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NUJ encourages accurate reporting of Zwarte Piet

4 December 2019

Tony Sheldon, NUJ Netherlands branch chair

In the NUJ, we have a long tradition of fighting racism, promoting equality, and striving to avoid bias in our reporting.

Our ethics code of conduct states we should not produce material, "likely to lead to hatred or discrimination" on the grounds of, among other things, "a person’s race, colour or creed".

It is worth reminding ourselves of these principles when faced with the tricky professional task of reporting, fairly, on the annual Dutch and Belgian festivities based around Sinterklaas. These are problematic for many as they include Sint’s helper, "Zwarte Piet" who is often portrayed by men and women in "black face". While many still view this as an innocent part of popular folklore, in both countries it is being increasingly recognised as a racist caricature of black people.

With this in mind the NUJ's national executive council meeting in November backed a motion supporting journalists working in Europe in their efforts to encourage accurate reporting of Zwarte Piet. This was needed because some media reports appear to give the traditionalists the benefit of the doubt, while unfairly labelling those opposing Zwarte Piet as extremists.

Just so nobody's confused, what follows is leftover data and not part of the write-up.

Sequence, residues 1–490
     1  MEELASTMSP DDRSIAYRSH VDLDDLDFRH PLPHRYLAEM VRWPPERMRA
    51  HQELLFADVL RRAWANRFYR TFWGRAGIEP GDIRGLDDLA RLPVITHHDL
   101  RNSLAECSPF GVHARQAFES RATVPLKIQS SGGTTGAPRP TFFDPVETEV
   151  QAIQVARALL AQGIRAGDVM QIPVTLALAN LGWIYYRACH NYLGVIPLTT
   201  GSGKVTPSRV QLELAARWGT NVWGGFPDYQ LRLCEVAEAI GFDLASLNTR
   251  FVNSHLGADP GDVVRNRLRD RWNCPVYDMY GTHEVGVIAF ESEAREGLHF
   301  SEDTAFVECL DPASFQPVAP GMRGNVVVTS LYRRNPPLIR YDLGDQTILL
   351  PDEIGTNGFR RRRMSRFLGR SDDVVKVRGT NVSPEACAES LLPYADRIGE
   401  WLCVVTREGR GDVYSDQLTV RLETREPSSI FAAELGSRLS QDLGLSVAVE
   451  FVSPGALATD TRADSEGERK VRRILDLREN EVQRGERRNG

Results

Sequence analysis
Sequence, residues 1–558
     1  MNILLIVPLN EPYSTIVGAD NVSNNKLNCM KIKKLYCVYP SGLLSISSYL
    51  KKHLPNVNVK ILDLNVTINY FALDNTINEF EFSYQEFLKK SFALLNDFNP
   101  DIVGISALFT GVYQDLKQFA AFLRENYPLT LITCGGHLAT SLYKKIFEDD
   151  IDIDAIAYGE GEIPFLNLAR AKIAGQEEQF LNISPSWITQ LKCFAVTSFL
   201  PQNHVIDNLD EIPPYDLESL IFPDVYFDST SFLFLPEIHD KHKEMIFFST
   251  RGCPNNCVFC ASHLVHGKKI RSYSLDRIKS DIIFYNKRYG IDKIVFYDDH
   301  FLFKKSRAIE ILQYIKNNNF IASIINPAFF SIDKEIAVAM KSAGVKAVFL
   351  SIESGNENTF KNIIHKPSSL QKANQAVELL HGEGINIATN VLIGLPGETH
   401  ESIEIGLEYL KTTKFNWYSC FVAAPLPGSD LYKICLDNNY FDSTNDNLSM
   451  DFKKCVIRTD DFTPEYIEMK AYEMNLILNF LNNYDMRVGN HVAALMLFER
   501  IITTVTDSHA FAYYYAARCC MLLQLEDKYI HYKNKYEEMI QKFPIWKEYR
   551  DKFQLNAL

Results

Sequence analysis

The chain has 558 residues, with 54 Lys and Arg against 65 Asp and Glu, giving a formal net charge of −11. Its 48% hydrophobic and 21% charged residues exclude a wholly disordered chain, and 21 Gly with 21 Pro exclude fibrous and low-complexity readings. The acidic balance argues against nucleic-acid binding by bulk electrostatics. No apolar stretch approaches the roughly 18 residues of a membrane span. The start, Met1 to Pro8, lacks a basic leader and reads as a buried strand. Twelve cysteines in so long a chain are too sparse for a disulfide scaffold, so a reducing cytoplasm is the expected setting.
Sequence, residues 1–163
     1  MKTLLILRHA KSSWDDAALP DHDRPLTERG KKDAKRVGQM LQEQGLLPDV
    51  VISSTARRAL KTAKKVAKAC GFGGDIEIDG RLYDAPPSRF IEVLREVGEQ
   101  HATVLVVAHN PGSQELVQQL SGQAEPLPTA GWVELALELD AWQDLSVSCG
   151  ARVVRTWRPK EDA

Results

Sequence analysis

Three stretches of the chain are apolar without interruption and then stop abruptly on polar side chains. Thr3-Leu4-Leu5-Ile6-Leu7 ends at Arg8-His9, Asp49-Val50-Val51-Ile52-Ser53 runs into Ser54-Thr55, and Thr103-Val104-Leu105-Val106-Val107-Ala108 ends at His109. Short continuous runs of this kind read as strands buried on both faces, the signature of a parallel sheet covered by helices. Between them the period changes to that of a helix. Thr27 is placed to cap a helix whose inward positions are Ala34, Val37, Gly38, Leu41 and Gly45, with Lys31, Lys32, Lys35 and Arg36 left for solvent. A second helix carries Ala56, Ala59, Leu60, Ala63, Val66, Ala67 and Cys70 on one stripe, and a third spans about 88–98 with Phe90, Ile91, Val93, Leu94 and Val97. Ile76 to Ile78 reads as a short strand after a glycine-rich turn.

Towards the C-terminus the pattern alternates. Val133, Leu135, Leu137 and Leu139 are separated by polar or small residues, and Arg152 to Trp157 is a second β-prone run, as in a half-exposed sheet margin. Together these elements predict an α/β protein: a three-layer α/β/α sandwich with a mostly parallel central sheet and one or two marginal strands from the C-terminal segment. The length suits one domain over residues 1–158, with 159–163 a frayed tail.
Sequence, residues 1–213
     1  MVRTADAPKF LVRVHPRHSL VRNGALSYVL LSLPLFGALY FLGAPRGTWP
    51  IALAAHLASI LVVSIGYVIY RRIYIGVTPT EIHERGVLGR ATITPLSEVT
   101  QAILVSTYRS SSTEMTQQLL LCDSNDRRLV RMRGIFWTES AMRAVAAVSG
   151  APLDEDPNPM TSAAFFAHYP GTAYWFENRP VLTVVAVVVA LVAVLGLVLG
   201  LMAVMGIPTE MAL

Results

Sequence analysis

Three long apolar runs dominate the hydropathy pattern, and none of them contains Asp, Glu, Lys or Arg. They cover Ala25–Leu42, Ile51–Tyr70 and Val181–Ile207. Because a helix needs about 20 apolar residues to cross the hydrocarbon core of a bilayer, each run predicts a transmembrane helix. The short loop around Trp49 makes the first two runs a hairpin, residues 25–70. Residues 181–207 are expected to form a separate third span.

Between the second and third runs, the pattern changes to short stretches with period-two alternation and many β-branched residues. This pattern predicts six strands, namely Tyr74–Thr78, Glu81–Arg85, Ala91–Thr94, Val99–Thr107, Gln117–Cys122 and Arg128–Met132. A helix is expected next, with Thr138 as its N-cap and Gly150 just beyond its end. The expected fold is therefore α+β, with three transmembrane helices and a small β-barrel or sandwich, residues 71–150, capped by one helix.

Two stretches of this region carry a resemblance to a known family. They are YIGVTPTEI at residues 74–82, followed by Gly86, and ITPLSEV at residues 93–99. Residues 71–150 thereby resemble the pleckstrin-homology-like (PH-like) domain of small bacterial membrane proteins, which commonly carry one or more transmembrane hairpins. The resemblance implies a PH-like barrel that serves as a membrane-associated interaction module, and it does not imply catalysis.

This year, passing through the crowds in Utrecht gathered to welcome the arrival of Sinterklaas, it was clear to see Dutch society is moving on. Unlike when I took my daughters, twenty years ago, there was today scarcely a child or adult in "black face" to be seen.

We, in the media, are privileged to report this positive, if slow, shift in public attitudes. But it is a challenge too, with feelings running high.

Many people still view Piet in "black face" as part of their culture, tradition, their happy childhood memories. People argue that they have no intention of being racist. And the approving reporting of their views provides ammunition to those who do not want to allow any discussion about racist aspects of the celebration.

A Dutch columnist and black writer wrote recently how shocked he had been watching a youth television programme about Sinterklaas and the Zwarte Piet debate with his young daughter. A reporter asked a black child if they had enjoyed the party. The child, of course, said yes. It seemed to suggest it was all a fuss kicked up by the adults.

As journalists, we should report the facts accurately, respecting fair views honestly held, and reasonably put, while not encouraging discrimination on the grounds of race or colour.

The Netherlands and Belgium, like many western European countries, are slowly changing and we, NUJ journalists, should adhere to our code of conduct when reporting that change.